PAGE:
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PE, Music Teachers Bring Comfort and Connection During Pandemic
Posted 12/21/20

When formal distance learning began in late August, AUSD’s elementary PE and Music teachers had two ambitious goals. In addition to providing their regular curriculum, they wanted to provide social-emotional support to students. They also wanted to create equitable opportunities across the district. And they had to do so within the constraints of online learning and not having teachers at every school.

 

“It was important for us to provide equity and access across the island,” says Bonnie Nelson Duffey, (aka “Miss Bonnie”), the music teacher at Bay Farm School who now teaches third grade music across the island. “And we knew we wouldn’t be taking an easy road to get there.”

 

Though the path may have been challenging, the resulting programs provide insight into the creative ways that AUSD teachers are both converting online constraints into equitable opportunities and providing community for students who have been sheltering in place since March.

 

“Warmed, Soothed, and Loved”

 

AUSD’s elementary music team is comprised of five teachers (two of whom work full time and three of whom work part time). Music instruction is made available by grade level several times a week; students from all of the elementary schools can tune into those lessons.

 

The teachers use their Google classrooms to post educational posters and links to lessons that the students can use on their own or while following the teacher’s lead. Those lessons cover music concepts (such as beat, rhythm, tempo scales, and reading music), famous composers and performers, and video and audio recordings of music of different genres and cultures. (This month, for instance, Lynn Tousey, who teaches music to all of AUSD’s  first graders, posted both classical and jazz versions of “Sleigh Ride” for her students to explore, plus a video of the Ronettes singing it - for a little extra dance practice).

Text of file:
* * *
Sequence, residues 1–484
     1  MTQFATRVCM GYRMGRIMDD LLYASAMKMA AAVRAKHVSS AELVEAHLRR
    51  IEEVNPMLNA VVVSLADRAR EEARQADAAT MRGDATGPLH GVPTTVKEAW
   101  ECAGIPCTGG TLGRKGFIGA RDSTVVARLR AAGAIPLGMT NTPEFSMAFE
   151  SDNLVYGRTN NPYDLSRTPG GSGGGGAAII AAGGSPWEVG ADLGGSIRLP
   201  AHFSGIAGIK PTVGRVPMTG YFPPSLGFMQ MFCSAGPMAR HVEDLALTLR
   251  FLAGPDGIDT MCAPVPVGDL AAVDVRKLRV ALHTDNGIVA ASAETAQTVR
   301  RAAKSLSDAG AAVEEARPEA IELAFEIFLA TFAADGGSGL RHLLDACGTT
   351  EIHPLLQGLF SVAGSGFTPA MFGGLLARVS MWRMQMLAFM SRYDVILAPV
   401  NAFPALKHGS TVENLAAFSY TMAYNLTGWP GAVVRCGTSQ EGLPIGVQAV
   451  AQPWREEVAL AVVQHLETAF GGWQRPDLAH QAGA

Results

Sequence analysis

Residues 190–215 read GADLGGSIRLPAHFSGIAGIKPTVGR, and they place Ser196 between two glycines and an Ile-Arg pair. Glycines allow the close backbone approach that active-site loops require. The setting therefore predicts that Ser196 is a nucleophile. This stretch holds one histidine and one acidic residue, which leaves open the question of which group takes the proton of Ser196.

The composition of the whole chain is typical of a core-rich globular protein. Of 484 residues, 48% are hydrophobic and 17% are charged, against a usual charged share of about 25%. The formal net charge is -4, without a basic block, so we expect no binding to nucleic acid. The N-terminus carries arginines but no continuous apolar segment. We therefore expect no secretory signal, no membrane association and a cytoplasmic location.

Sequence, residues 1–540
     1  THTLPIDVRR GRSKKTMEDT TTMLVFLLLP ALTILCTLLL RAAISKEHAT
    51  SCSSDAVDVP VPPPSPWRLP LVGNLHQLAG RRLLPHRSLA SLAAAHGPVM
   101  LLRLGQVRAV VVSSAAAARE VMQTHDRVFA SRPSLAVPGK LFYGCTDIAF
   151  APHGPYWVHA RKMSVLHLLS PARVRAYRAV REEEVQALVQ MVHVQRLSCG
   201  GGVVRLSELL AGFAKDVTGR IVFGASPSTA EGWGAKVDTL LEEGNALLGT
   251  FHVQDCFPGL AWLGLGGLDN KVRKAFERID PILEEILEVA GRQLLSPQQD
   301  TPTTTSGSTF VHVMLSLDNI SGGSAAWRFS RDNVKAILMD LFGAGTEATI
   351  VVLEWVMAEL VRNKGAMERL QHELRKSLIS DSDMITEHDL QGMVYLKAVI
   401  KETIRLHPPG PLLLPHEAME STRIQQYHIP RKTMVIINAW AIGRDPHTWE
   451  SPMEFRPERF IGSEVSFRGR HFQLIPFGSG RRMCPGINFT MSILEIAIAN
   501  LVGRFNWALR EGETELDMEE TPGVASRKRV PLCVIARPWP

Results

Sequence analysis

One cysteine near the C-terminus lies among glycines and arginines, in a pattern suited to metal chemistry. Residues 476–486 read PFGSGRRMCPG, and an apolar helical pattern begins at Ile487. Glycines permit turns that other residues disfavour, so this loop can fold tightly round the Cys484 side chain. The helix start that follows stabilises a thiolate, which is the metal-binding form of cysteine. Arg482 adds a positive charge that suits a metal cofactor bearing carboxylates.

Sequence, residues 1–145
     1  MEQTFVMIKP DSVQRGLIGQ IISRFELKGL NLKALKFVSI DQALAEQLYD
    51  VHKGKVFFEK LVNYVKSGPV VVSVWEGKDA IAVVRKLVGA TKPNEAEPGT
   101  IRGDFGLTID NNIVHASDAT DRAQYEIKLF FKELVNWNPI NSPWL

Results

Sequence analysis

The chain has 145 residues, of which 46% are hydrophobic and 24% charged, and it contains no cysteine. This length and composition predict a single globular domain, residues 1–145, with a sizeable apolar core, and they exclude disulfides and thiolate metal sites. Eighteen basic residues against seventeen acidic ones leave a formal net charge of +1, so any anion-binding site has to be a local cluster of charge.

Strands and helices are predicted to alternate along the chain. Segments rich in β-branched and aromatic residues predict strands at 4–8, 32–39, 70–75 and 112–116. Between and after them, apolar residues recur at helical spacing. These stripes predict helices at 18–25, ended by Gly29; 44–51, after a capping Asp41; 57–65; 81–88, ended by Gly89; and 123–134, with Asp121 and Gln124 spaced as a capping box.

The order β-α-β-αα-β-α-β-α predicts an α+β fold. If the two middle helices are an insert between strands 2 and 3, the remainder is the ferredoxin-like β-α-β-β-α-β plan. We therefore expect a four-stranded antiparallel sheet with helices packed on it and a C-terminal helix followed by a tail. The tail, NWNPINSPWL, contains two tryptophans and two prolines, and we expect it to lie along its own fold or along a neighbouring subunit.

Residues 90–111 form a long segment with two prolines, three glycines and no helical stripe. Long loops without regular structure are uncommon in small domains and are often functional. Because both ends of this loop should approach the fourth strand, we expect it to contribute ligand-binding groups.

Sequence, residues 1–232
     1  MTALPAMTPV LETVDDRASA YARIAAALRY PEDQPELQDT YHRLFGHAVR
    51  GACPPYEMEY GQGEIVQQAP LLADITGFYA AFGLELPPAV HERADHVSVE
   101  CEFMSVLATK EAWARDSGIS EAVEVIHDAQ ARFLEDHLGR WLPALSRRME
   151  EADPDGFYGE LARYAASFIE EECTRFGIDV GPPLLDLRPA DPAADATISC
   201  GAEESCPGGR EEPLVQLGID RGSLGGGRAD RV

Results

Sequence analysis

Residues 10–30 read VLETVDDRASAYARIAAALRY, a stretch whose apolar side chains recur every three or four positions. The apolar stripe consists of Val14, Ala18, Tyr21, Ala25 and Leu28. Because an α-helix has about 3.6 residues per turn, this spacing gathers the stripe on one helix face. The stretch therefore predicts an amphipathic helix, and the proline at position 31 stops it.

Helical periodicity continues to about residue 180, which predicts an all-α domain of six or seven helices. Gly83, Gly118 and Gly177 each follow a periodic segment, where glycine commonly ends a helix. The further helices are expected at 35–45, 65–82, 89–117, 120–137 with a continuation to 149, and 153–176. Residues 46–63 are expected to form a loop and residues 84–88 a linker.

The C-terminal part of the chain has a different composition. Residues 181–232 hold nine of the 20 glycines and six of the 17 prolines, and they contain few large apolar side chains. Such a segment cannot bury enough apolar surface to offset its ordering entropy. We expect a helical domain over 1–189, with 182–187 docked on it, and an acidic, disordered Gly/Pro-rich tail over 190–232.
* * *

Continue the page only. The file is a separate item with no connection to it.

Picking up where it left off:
5th grade music teacher Dan Foltz is using the online platform to teach his students how to play different parts to a song (e.g., piano, recorder, ukulele, vocals, and  rhythm - using body slaps and a plastic cup -  for Clair De Lune this week). By practicing all the parts, the students get a more holistic understanding of how a song is put together. 

 

The teachers also focus on social-emotional learning - by asking students what they are thinking and hearing, for instance, and helping them feel engaged. Tousey and Nelson Duffey also use puppets to talk to their students,  and several teachers provide visiting hours (via Zoom) for

 

students to have a time to interact with their teacher and peers.

“I want my students to be warmed, soothed, entertained, loved, and engaged while they are learning about the language of music and building their brain,” Tousey says. “ My nickname is BIG MAMA for a reason. I want my kids to love coming to music and have fun.” (Speaking of fun, Miss Bonnie made up a song about her music classes to the tune of the SpongeBob SquarePants theme - think “Who teaches you music from inside your screen...It’s Miss Bon-nie” to get the idea).